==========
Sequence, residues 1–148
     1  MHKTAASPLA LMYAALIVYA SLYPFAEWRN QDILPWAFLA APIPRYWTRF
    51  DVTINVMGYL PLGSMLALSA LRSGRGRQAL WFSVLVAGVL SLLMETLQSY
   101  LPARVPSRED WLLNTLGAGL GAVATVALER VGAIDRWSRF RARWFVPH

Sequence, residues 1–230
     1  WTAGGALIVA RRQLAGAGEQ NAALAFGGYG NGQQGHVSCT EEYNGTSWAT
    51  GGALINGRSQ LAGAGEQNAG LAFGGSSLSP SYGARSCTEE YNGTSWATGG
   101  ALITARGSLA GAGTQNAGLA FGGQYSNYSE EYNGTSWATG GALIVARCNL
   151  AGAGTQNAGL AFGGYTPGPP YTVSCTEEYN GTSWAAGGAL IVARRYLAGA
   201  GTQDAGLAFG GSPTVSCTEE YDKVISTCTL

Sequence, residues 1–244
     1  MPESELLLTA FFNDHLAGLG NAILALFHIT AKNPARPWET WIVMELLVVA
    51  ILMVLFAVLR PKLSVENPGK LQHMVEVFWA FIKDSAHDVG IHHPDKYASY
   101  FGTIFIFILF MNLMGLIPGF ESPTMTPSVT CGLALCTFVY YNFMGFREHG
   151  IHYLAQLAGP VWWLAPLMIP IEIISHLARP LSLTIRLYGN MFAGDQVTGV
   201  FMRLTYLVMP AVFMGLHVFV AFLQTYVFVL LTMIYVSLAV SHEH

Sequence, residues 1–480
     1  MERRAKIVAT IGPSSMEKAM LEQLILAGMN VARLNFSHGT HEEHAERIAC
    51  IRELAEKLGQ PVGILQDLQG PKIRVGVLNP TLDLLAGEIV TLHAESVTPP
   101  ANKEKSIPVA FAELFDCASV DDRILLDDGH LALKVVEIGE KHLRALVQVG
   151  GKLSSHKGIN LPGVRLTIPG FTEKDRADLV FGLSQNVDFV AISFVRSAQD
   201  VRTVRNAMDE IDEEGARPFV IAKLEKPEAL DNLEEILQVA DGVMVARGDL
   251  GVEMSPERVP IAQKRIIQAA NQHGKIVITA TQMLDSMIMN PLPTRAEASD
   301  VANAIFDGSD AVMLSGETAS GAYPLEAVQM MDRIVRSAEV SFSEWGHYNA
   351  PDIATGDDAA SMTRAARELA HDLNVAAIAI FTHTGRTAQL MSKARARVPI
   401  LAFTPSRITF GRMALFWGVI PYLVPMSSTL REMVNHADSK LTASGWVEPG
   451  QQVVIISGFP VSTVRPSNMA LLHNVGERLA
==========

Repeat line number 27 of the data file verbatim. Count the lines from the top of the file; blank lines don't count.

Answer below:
   451  QQVVIISGFP VSTVRPSNMA LLHNVGERLA